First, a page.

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Nayor Saesee v. Michael J. Astrue

September 11, 2012


The opinion of the court was delivered by: Jennifer L. Thurston United States Magistrate Judge


Nayor Saesee ("Plaintiff") asserts she is entitled to Supplemental Security Income ("SSI") benefits under Title XVI of the Social Security Act. Plaintiff argues the administrative law judge ("ALJ") improperly rejected her subjective complaints and erred in evaluating the medical evidence. Therefore, Plaintiff seeks judicial review of the administrative decision denying her claim for benefits. For the reasons set forth below, the matter is REMANDED for further proceedings.


Plaintiff filed an application for SSI benefits on August 1, 2007, alleging disability beginning March 5, 2004. (Doc. 12-6 at 2). The Social Security Administration denied her claim initially on December 24, 2007, and upon reconsideration on April 29, 2008. (Doc. 12-4 at 2-18). Plaintiff testified at a hearing before an ALJ on September 10, 2009. (Doc. 12-3 at 26-55). The ALJ determined Plaintiff was not disabled under the Social Security Act, and issued an order denying benefits on November 13, 2009. Id. at 13-24. Plaintiff requested a review by the Appeals Council of 2 Social Security, which found no reason to change the ALJ's decision on June 24, 2011. Id. at 2-5. 3

Therefore, the ALJ's determination became the decision of the Commissioner of Social Security ("Commissioner"). 5


District courts have a limited scope of judicial review for disability claims after a decision by 7 the Commissioner to deny benefits under the Social Security Act. When reviewing findings of fact, 8 such as whether a claimant was disabled, the Court must determine whether the Commissioner's 9 decision is supported by substantial evidence or is based on legal error. 42 U.S.C. § 405(g). The ALJ's determination that the claimant is not disabled must be upheld by the Court if the proper legal standards were applied and the findings are supported by substantial evidence. See Sanchez v. Sec'y of Health & Human Serv., 812 F.2d 509, 510 (9th Cir. 1987).

Substantial evidence is "more than a mere scintilla. It means such relevant evidence as a reasonable mind might accept as adequate to support a conclusion." Richardson v. Perales, 402 U.S. 389, 401 (1971) (quoting Consol. Edison Co. v. NLRB, 305 U.S. 197 (1938)). The record as a whole must be considered, because "[t]he court must consider both evidence that supports and evidence that detracts from the ALJ's conclusion." Jones v. Heckler, 760 F.2d 993, 995 (9th Cir. 1985).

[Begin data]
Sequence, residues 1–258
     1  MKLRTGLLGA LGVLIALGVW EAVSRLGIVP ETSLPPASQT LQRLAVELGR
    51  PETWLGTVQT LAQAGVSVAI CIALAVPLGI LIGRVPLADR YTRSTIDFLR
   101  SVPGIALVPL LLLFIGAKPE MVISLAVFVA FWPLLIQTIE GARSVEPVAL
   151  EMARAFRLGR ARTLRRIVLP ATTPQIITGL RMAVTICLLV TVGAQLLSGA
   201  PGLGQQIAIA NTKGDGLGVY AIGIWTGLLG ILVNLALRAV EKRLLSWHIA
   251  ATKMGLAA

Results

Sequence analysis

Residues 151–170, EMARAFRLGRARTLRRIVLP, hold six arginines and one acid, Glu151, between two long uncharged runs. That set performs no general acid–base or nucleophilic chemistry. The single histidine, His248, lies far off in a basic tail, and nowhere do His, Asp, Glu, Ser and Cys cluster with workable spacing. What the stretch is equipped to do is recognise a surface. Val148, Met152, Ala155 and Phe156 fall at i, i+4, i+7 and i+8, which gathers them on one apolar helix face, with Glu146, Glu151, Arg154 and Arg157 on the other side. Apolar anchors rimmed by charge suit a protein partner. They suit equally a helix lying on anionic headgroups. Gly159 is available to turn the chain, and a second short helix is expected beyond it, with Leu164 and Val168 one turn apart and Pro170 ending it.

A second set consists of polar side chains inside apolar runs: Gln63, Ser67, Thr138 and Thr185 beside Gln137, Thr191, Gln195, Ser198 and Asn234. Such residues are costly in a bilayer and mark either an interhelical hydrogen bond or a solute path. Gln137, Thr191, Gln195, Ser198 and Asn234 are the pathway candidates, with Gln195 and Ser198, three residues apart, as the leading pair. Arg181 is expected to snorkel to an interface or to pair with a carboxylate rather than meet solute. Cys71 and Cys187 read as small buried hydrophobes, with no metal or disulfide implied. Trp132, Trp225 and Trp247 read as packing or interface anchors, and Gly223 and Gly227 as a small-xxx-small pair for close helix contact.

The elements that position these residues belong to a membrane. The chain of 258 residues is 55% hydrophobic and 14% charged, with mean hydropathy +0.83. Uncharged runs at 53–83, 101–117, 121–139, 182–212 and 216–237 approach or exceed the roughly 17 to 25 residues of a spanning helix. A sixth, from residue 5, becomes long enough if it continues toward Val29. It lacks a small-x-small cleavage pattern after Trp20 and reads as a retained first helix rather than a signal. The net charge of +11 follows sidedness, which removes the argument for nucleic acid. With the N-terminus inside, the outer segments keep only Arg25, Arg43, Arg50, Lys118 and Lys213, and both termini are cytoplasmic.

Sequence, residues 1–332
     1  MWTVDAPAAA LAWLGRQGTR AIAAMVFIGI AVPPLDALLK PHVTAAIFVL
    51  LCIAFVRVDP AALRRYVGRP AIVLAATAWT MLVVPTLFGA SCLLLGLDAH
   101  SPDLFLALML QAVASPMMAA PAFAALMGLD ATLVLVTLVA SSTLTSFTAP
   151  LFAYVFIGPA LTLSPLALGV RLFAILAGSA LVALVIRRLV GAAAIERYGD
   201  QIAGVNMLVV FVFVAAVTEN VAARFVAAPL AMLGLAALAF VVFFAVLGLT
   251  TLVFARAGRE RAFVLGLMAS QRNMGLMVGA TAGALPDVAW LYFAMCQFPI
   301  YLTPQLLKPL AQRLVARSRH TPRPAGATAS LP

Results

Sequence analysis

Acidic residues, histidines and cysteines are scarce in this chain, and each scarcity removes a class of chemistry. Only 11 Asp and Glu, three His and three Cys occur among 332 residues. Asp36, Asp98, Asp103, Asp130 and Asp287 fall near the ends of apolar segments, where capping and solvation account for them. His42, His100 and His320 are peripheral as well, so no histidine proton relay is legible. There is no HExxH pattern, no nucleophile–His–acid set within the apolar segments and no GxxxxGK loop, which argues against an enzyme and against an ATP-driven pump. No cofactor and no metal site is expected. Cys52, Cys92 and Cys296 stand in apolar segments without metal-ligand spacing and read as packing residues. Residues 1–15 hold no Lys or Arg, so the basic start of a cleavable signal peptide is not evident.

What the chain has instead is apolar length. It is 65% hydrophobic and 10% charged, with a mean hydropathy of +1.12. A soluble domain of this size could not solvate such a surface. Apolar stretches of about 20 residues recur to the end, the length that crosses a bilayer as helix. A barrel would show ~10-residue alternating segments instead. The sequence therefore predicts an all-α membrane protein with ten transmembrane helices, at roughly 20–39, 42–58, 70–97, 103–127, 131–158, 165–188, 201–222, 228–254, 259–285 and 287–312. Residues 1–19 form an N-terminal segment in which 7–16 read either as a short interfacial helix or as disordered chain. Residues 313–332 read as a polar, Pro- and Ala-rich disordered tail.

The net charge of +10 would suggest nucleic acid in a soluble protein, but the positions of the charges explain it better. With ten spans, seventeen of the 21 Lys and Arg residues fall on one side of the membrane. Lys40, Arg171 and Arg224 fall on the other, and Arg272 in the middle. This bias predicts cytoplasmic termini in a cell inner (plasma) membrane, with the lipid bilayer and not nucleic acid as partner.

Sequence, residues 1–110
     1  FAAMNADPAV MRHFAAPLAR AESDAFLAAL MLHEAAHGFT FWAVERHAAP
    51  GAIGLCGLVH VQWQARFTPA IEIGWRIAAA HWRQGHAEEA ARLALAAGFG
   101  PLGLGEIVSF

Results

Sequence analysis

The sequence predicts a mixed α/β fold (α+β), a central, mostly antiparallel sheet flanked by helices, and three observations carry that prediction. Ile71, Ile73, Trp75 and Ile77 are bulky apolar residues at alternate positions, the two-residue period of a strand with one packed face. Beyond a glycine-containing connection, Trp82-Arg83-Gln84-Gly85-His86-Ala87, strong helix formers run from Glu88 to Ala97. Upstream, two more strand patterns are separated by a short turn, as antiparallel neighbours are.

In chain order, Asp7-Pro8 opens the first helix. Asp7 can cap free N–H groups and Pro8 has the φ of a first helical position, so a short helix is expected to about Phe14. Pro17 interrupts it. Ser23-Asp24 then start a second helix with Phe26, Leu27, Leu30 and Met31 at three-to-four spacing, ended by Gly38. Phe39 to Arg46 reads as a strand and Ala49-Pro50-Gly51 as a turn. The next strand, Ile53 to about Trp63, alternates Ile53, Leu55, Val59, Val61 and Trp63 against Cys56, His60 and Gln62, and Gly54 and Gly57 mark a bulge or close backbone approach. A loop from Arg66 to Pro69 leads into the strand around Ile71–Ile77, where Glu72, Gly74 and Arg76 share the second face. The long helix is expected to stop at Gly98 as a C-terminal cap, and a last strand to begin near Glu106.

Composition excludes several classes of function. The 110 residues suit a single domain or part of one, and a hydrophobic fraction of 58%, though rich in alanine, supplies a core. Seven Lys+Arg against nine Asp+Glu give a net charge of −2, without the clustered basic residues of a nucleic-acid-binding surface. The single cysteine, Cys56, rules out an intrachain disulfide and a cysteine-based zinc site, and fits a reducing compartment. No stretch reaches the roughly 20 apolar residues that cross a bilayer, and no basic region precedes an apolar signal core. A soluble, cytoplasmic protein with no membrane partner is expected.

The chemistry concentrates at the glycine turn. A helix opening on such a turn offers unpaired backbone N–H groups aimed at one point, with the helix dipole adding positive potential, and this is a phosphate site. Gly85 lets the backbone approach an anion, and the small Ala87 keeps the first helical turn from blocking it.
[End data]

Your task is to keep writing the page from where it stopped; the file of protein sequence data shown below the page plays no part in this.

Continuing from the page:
To qualify for benefits under the Social Security Act, Plaintiff must establish she is unable to engage in substantial gainful activity due to a medically determinable physical or mental impairment that has lasted or can be expected to last for a continuous period of not less than 12 months. 42 U.S.C. § 1382c(a)(3)(A). An individual shall be considered to have a disability only if: physical or mental impairment or impairments are of such severity that he is not only unable to do his previous work, but cannot, considering his age, education, and work experience, engage in any other kind of substantial gainful work which exists in the national economy, regardless of whether such work exists in the immediate area in which he lives, or whether a specific job vacancy exists for him, or whether he would be hired if he applied for work.

42 U.S.C. § 1382c(a)(3)(B). The burden of proof is on a claimant to establish disability. Terry v. Sullivan, 903 F.2d 1273, 1275 (9th Cir. 1990). When a claimant establishes a prima facie case of disability, the burden shifts to the Commissioner to prove the claimant is able to engage in other 2 substantial gainful employment. Maounis v. Heckler, 738 F.2d 1032, 1034 (9th Cir. 1984). 3


To achieve uniform decisions, the Commissioner established a sequential five-step process for 5 evaluating a claimant's alleged disability. 20 C.F.R. §§ 416.920 (a)-(f). The process requires the ALJ 6 to determine whether Plaintiff (1) engaged in substantial gainful activity during the period of alleged 7 disability, (2) had medically determinable severe impairments (3) that met or equaled one of the listed 8 impairments set forth in 20 C.F.R. § 404, Subpart P, Appendix 1; and whether Plaintiff (4) had the 9 residual functional capacity to perform to past relevant work or (5) the ability to perform other work existing in significant numbers at the state and national level. Id. The ALJ must consider objective medical evidence and opinion (hearing) testimony. 20 C.F.R. §§ 416.927, 416.929.